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North and South in the World Political Economy

  • ID: 2326580
  • Book
  • Region: Global
  • 416 Pages
  • John Wiley and Sons Ltd
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In the second half of the twentieth century, a good proportion of international relations was colored significantly by the East West cleavage. Yet there is a good chance that the first half of the twenty–first century will be equally shaped by a North–South cleavage, where despite increased development and globalization, the political, social and economic distances between the North and South are becoming ever greater.

This path–breaking volume is one of the first dedicated exclusively to the problems of the North–South divide. The first two groups of essays focus on problems that especially afflict the global South in trade and development and that help maintain the North–South gap (such as poverty, disease, energy, financial crises, structural adjustment and human rights). The third cluster isolates particular points of conflict between North and South (such as political Islam, terrorism, weak states and nuclear weapon proliferation). A final group of articles then introduces a variety of factors that seek to ameliorate the North–South gap.

North and South in the World Political Economy will be essential reading for scholars and advanced students of international relations, international political economy and development studies.

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List of Figures and Tables.

Notes on Contributors.

List of Abbreviations.

1. Observations on the North South Divide: Rafael Reuveny (Indiana University) and William R. Thompson (Indiana University).

Part I: Problems of Trade:.

2. Globalization, Poverty, and the North South Divide: Arie M. Kacowicz (Hebrew University of Jerusalem).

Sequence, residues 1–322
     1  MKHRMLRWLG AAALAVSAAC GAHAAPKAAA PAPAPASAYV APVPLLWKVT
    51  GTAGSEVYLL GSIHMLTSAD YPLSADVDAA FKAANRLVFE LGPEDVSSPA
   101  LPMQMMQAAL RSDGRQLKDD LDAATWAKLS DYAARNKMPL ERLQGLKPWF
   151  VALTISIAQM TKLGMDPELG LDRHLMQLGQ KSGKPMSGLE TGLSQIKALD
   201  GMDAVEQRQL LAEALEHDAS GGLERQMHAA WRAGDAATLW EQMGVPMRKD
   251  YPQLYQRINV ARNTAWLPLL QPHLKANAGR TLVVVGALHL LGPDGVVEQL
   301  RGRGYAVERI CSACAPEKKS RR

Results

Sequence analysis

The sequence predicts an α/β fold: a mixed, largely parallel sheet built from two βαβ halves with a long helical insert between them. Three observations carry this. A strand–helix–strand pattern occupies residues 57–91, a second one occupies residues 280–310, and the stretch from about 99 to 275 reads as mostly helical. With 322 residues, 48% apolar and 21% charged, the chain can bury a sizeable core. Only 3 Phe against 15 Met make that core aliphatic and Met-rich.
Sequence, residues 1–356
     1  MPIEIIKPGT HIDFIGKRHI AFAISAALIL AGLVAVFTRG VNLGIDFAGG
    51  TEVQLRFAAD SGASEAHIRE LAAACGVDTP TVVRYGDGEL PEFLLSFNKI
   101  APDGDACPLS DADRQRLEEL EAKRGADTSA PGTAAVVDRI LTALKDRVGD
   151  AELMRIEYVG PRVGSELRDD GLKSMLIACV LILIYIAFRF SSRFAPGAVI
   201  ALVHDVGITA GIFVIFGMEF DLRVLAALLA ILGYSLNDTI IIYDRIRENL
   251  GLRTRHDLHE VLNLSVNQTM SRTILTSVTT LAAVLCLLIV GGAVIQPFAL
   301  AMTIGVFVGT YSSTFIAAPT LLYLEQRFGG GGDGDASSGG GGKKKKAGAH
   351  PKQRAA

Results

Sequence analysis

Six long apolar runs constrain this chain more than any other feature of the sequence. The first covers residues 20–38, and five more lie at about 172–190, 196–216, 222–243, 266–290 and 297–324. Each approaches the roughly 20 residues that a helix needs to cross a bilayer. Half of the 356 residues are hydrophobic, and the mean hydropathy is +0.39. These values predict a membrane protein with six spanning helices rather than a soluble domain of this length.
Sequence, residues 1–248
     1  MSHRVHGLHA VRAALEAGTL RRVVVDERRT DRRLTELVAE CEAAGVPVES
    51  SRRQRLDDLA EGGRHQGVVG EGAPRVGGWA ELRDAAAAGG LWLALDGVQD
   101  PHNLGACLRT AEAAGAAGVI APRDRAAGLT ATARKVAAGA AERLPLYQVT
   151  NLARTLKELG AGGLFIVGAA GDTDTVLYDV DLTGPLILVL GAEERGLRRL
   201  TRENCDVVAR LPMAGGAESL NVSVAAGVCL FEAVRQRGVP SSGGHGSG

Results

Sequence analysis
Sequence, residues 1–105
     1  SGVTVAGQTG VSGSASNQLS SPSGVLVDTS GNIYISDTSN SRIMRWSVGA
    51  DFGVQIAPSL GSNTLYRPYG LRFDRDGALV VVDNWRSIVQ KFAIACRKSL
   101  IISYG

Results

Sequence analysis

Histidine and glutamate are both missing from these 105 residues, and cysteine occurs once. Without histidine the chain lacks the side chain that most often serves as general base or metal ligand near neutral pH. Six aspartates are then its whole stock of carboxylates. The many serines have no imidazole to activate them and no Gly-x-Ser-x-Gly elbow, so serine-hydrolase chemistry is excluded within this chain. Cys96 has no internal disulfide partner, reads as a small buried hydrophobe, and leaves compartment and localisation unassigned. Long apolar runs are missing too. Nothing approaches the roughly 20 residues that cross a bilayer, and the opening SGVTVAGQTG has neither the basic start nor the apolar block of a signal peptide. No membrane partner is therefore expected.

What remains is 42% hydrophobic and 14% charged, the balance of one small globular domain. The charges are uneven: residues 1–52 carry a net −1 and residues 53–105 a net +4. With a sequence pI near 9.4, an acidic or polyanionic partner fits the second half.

3. Reproducing the North South Divide: The Role of Trade Deficits and Capital Flows: Bruce E. Moon (Lehigh University).

4. New Configuration or Reconfiguration? Conflict in North South Energy Trade Relations: Paul A. Williams (Bilkent University).

Part II: Problems of Development:.

5. Virtuous or Vicious Cycle? Human Rights, Trade, and Development: Robert G. Blanton (University of Memphis) and Shannon Lindsey Blanton (University of Memphis).

6. Structural Adjustment, Development, and Democracy: Mark R. Brawley (McGill University, Montreal, Canada) and Nicole Baerg (McGill University, Montreal, Canada).

7. War as Development in the North but not the South: Espen Moe (Norwegian University of Science and Technology).

8. Nature, Disease, and Globalization: An Evolutionary Perspective: Dennis Pirages (University of Maryland).

Part III: Points of Conflict:.

9. Challenging Hegemony: Political Islam and the North South Divide: Mohammed Ayoob (Michigan State University).

10. Fear and Loathing in the International System: Ay e Zarakol (Washington and Lee University).

11. Globalizing Media and North South Initiatives: Francis A. Beer (University of Colorado) and G. R. Boynton (University of Iowa).

12. The UN Security Council and the North South Divide: Plus ça change?: Jane Boulden (Royal Military College of Canada).

13. Failed States and Global Security: Empirical Questions and Policy Dilemmas: Stewart Patrick(Johns Hopkins University School of Advanced International Studies).

14. Nuclear Proliferation and the Geocultural Divide: The March of Folly: J. David Singer (University of Michigan).

Part IV: Alternative Paths to Ameliorating the North South Divide:.

15. Lessons from/for BRICSAM about South North Relations: Economic Size Trumps All Else?: Andrew F. Cooper (University of Waterloo, Ontario), Agata Antkiewicz (Centre for International Governance Innovation (CIGI), Ontario), and Timothy M. Shaw (Royal Roads University, Victoria, Canada).

16. Dueling Imperialism or Principled Policies? A Comparative Analysis of EU and US Approaches to Trade and Development: Vicki Birchfield (Georgia Institute of Technology).

17. Assessing Strategies for Reducing Global Poverty: Barry Hughes (University of Denver) and Mohammod T. Irfan (University of Denver, Colorado).

18. North South Contradictions and Bridges at the World Social Forum: Christopher Chase–Dunn (University of California, Riverside), Ellen Reese (University of California, Riverside), Mark Herkenrath (University of Zurich), Rebecca Giem (University of California, Riverside), Erika Gutierrez (University of California, Riverside), Linda Kim (University of California, Riverside), and Christine Petit (University of California, Riverside).

19. The Higher Realism: A US Foreign Policy for Transcending the North South Divide: Seyom Brown (Brandeis University).


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Rafael Reuveny
William R. Thompson
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